ANCHORAGE (AP) The job market in Alaska is hungry for workers with high-tech skills, and business is brisk at vocational training centers and other educational institutions.
''We are all looking at shortages projected, serious shortages in the workforce,'' said Sally Suddock, executive director of the Alaska High-Tech Business Council.
Suddock helps organize a group called the Industry Skills Coalition, which brings together members from the manufacturing, tourism, construction, petroleum and health care sectors of the economy.
She said there is stiff competition for well-trained entry-level employees in virtually all industries in Alaska, but the ISC group members have a common goal.
''The bottom line is, we don't care where the workers end up, we just want them to stay in Alaska,'' she said. ''A lot has happened since the 'dot-bomb' thing and there are a lot of techs on the street everywhere. But 70 percent of the technology workforce is in non-technology companies because it is so pervasive.''
That's where a good education comes in handy.
Ron Perry, owner of the Alaska Computer Training Center in Anchorage, said the biggest demand he sees is for ''MOUSE instruction.'' The acronym stands for Microsoft Office User Specialist.
''Most people want to be proficient in Word, Excel, Powerpoint, Access and just Windows, of course, so that they can obtain these jobs,'' he said. ''You're not going to get a higher-level job unless you have these entry-level skills. If you don't know them, you're going to relegate yourself to flipping burgers for the rest of your natural life.''
To obtain a high level of proficiency, most people take a series of three courses basic skills, intermediate and advanced. But be ready to pay. Perry said he charges $169 per course for each software application.
''Some places charge more, some less,'' he said.
The Career Academy in Anchorage offers extensive training in office skills. Owner Jennifer Deitz said they are a nationally certified training institute, and they graduate six classes a year.
''We refer to them as people who are taking over the world,'' she said. ''They are learning Quickbook and other accounting software programs, so they can go out there and work for those big companies.''
Alaska may be an isolated part of the world, Deitz said, but there is plenty of work for the well-trained. ''In the IT (information technology) industry, jobs are not as hot as they have been in the past. But in Alaska, the job market is better here.''
''I think we have a fast-moving business community here,'' she said. ''And there is a lot of tech stuff happening across the state because we just have not had the infrastructure.''
The academy's six-month Business Office Specialist day program costs $8,995 plus $100 for enrollment and graduation fees.
Beyond office skills, there also is a growing demand for upper-level computer expertise.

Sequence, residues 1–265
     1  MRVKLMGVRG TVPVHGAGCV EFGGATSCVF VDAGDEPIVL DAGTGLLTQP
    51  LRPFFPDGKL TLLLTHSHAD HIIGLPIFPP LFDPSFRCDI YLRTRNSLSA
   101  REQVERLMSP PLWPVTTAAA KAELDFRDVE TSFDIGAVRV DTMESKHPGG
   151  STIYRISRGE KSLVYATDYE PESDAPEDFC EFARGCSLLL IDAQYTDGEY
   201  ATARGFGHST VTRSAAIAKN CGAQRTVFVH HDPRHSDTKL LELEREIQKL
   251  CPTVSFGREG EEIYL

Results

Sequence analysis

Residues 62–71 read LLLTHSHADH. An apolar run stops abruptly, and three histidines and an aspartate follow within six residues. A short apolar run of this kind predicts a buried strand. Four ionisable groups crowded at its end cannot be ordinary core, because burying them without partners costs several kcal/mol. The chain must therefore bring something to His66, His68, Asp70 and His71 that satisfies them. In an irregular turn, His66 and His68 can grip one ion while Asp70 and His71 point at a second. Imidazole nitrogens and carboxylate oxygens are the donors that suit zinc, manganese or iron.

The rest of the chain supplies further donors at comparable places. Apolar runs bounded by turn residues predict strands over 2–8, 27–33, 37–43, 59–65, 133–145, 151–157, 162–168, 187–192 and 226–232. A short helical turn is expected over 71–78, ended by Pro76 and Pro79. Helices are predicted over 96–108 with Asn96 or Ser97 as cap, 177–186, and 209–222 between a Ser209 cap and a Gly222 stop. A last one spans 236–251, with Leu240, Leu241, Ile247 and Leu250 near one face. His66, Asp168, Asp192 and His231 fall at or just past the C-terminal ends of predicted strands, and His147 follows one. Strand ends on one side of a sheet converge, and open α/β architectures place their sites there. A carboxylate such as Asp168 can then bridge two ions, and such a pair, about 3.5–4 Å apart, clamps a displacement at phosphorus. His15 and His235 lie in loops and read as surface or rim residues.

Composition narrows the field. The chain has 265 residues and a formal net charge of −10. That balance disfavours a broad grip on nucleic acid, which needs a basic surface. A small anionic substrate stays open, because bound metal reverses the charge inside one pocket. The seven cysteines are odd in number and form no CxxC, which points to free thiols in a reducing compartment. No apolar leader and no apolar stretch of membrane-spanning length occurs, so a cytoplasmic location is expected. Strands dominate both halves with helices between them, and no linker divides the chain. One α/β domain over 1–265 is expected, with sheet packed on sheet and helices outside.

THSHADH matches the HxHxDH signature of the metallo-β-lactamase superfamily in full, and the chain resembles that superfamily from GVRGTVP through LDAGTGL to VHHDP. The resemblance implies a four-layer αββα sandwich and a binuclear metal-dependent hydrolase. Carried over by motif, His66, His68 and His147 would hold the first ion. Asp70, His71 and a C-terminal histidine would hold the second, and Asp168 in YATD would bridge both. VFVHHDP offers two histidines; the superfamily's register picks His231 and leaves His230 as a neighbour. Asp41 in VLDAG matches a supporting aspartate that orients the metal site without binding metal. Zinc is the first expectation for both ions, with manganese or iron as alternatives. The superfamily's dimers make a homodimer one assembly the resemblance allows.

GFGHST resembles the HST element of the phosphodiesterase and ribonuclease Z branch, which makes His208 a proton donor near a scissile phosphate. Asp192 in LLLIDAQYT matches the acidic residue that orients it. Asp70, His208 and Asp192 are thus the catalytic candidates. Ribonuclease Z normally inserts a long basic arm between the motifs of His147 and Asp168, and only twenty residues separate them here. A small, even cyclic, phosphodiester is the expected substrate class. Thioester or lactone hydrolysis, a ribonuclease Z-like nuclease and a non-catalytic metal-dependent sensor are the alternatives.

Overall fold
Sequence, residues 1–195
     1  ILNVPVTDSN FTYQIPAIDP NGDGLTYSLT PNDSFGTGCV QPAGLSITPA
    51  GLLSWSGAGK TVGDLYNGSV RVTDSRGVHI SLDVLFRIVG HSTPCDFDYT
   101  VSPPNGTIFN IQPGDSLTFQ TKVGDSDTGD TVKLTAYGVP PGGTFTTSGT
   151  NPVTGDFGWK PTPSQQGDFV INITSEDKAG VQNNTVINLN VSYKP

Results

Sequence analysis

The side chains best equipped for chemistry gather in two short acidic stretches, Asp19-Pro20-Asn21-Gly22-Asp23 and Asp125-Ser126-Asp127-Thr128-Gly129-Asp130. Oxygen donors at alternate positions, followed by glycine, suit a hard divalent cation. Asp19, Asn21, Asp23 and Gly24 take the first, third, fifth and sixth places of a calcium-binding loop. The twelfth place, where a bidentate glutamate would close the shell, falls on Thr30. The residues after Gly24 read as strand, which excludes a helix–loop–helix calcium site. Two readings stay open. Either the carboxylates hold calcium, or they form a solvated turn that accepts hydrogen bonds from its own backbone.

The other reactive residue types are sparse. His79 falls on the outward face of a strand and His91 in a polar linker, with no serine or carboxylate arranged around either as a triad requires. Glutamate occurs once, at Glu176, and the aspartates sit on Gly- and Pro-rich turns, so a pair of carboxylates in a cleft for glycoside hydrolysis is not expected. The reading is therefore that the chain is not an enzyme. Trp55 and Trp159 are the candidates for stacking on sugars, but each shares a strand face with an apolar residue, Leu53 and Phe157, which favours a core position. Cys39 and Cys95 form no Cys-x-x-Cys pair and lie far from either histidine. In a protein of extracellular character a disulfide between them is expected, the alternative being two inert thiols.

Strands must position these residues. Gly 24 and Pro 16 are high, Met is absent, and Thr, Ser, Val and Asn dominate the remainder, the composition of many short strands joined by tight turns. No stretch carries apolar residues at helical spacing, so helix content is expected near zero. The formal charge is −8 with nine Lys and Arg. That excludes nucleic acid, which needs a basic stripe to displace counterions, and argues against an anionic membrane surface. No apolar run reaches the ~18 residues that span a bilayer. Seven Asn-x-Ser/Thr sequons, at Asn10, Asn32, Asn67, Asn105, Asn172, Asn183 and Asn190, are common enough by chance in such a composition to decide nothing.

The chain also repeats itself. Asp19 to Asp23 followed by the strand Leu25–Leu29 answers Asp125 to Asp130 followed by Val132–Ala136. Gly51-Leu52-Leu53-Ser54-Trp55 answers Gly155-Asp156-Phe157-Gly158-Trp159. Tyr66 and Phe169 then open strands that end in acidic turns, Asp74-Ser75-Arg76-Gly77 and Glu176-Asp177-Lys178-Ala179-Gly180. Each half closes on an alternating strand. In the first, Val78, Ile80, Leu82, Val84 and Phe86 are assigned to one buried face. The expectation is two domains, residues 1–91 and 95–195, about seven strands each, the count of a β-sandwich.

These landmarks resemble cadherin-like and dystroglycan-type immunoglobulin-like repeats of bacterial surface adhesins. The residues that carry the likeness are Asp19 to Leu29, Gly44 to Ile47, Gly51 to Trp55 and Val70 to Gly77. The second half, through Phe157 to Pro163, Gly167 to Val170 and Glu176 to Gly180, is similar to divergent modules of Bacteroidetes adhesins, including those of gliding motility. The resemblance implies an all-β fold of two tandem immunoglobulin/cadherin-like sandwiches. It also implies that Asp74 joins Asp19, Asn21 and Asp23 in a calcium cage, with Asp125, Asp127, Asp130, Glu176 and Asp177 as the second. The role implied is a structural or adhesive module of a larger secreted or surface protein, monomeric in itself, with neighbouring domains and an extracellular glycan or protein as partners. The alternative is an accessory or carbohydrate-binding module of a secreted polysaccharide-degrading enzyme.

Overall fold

Steve Cysewski is coordinator of the Information Technology Specialist Program at the University of Alaska Fairbanks. The school has a two-year Associate of Applied Science Degree track, and it moves fast to keep up with emerging technologies, he said.
''Well, you have to like it,'' he said. ''Our curriculum is designed to be flexible enough, so that we can adapt very quickly to new trends, new interests and demands.''
''We have people coming in doing a lot of re-training, especially people with disabilities ... or who have worn themselves out on their other jobs,'' he said.
Cysewski said another option for upper-level training is the state's Alaska Vocational Technical Center in Seward. ''They have an exceptional program,'' he said. ''It's offered in a residential, more concentrated way, and is highly recommended.''
Privately-owned Charter College in Anchorage offers two bachelor's degrees in information technology, along with an accelerated program to grant associate degrees in 15 months, and another program that grants certificates in five months.
IT program director J.T. Harris said the degrees provide students with top level engineering and networking knowledge, but even the most sophisticated programmers will still need the basics.
''The high-tech skills are extremely important,'' he said. ''But a lot of the employers are also focusing on diversity the ability to perform certain functions, and yet still play well in the sandbox together.''
Harris calls them ''soft skills.''
''Definitely the ability to effectively communicate in writing, and orally as well,'' he said. ''You'll see Microsoft Office Specialist Certification being requested in just about any requirement.''
The college enrolls about 1,100 students a year, and schedules five academic sessions of 10 weeks each annually. ''The students could very well be in classes throughout the year, and that's how they are able to finish a degree in such a short time,'' he said.
The cost of the program depends on how many classes are taken. He said the more classes taken at once, the lower the price for each unit.
''It's not like, if you go to your traditional universities and they say 'it's going to cost X number of thousands of dollars per semester,''' Harris said.
Sally Suddock at the AHTBC said what Alaska really needs to do to ensure a steady supply of high-tech workers as the baby-boomer generation retires is to start working with the youngest students.
''We have to re-tool the entire K-12 system. There is nowhere near enough career education going on out there,'' she said. ''It's happening, one school at a time.''
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